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Speed-Resolved Perfusion Measurement

With novel model-based analysis algorithms, it is now possible to measure the tissue blood perfusion in absolute units divided into different speeds, i.e. tissue fraction of red blood cells (RBC) multiplied with speed – % RBC × mm/s – divided in blood flowing with speed below 1 mm/s, 1-10 mm/s, and above 10 mm/s. Compared to conventional perfusion, measured in perfusion units PU, the speed resolved perfusion facilitates discrimination between different flow compartments, for example nutritive flow from shunt flow.

By combining measurements of tissue oxygen saturation and speed resolved perfusion, a comprehensive view of the microcirculation and the tissue metabolism can be achieved. We offer the PeriFlux 6000 EPOS instrument to measure these microvascular parameters in the same sampling volume using an integrated fiber-optic probe and advanced model-based signal analysis. The parameters from the EPOS are:

  • RBC oxygen saturation (%)
  • RBC tissue fraction: gram RBC / 100 gram tissue (%)
  • Oxygenized and reduced hemoglobin tissue concentration (µM)
  • Speed-resolved perfusion: gram RBC / 100 gram tissue × mm/seconds (% RBC × mm/second). Three different speed regions: < 1 mm/second, 1 to 10 mm/second, and > 10 mm/second
  • Measurement depth (mm)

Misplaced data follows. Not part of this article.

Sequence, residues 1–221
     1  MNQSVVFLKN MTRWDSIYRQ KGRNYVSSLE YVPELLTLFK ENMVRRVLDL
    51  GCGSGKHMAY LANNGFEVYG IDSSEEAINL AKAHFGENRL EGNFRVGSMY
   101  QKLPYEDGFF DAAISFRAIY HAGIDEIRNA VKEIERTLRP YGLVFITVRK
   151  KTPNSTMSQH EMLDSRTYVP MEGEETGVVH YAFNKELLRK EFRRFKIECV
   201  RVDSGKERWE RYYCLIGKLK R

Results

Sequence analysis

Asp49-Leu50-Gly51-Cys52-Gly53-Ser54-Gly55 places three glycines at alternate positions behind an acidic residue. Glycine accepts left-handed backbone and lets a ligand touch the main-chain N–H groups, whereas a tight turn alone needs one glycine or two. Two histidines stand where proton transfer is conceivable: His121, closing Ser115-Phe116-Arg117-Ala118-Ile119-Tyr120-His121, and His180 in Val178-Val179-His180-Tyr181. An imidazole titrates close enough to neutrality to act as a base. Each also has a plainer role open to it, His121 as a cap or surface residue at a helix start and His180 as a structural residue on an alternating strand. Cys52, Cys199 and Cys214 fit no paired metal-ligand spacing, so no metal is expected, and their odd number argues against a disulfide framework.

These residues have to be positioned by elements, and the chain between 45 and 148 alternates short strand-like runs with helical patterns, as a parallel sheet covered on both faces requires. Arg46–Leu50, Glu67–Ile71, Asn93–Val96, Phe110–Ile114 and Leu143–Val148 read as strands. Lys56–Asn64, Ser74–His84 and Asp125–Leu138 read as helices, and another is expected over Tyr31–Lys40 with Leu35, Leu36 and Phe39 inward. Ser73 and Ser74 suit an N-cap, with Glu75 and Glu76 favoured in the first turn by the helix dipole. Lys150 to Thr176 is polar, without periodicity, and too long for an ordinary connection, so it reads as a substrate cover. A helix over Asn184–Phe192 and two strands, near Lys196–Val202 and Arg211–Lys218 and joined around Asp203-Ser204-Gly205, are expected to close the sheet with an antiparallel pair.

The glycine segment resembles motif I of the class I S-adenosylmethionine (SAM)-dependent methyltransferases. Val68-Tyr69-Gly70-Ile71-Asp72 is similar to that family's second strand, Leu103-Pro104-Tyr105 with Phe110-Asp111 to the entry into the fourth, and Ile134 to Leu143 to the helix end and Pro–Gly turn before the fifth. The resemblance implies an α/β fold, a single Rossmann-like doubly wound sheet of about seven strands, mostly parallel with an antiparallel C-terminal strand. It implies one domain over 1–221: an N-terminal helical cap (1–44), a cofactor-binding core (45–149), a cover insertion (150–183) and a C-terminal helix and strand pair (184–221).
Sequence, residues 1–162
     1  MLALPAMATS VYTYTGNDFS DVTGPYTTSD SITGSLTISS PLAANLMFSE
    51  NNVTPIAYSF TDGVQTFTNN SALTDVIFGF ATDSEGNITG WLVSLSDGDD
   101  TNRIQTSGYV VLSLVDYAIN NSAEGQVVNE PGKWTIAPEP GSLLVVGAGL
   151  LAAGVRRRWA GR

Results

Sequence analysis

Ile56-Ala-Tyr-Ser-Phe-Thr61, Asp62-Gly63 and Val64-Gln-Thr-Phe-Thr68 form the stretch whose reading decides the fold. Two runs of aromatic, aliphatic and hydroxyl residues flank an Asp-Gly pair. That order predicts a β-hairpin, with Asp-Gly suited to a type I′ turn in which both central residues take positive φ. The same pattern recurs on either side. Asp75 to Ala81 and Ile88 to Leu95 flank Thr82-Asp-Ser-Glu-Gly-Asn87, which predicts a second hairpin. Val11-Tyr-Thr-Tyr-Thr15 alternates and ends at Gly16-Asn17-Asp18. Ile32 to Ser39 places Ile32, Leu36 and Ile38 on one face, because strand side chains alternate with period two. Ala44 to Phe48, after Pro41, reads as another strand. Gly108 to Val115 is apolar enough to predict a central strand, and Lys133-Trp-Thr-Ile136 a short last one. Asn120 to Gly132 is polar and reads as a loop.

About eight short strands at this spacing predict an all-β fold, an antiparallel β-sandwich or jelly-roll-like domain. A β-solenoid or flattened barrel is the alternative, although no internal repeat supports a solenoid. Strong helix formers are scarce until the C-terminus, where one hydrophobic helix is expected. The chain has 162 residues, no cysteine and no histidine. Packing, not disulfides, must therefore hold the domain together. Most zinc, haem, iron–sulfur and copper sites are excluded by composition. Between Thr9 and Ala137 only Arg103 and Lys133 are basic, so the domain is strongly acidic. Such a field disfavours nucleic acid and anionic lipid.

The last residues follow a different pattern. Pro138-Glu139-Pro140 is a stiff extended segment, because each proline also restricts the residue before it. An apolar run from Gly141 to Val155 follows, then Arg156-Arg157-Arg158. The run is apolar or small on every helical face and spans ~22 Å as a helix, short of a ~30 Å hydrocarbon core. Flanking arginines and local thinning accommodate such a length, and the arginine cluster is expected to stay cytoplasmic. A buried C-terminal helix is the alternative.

Various provocations protocols, such as local heating or brachial occlusion, are preferably used in combination with these microcircular measurements, in order to reveal more information about the microvascular function. There is built-in automatic support for those provocations in the EPOS instrument.

Figure caption: 15 second speed-resolved perfusion recording on fingertip.

References:

1.Inverse Monte Carlo in a multilayered tissue model: merging diffuse reflectance spectroscopy andlaser Doppler flowmetry. Fredriksson I, Burdakov O, Larsson M, Strömberg T. Journal ofBiomedical Optics. 18(12), 2013.
2.Oxygen saturation, red blood cell tissue fraction and speed resolved perfusion – A new optical method for microcirculatoryassessment. Jonasson H, Fredriksson I, Pettersson A, Larsson M, Strömberg T. Microvascular Research. 102, 2015.
3.Skin microvascular endothelial dysfunction is associated with type 2 diabetes independently ofmicroalbuminuria and arterial stiffness. Jonasson H, Bergstrand S, et al. Diabetes and VascularDisease Research. 14(4), 2017.
4.The relationship between forearm skin speed-resolved perfusion and oxygen saturation, and finger arterial pulsationamplitudes, as indirect measures of endothelial function. Bergstrand S, Morales M-A, Coppini G, Larsson M, Strömberg T.Microcirculation. 25(2), 2018.
5.Validation of speed-resolved laser Doppler perfusion in a multimodal optical system using a blood-flow phantom. JonassonH, Fredriksson I, Larsson M, Strömberg T, Journal of Biomedical Optics 24(9), 2019.
6.Normative data and the influence of age and sex on microcirculatory function in a middle-aged cohort: results from theSCAPIS study. Jonasson H, Bergstrand S, et al. American Journal of Physiology-Heart and Circulatory Physiology 318(4),2020.

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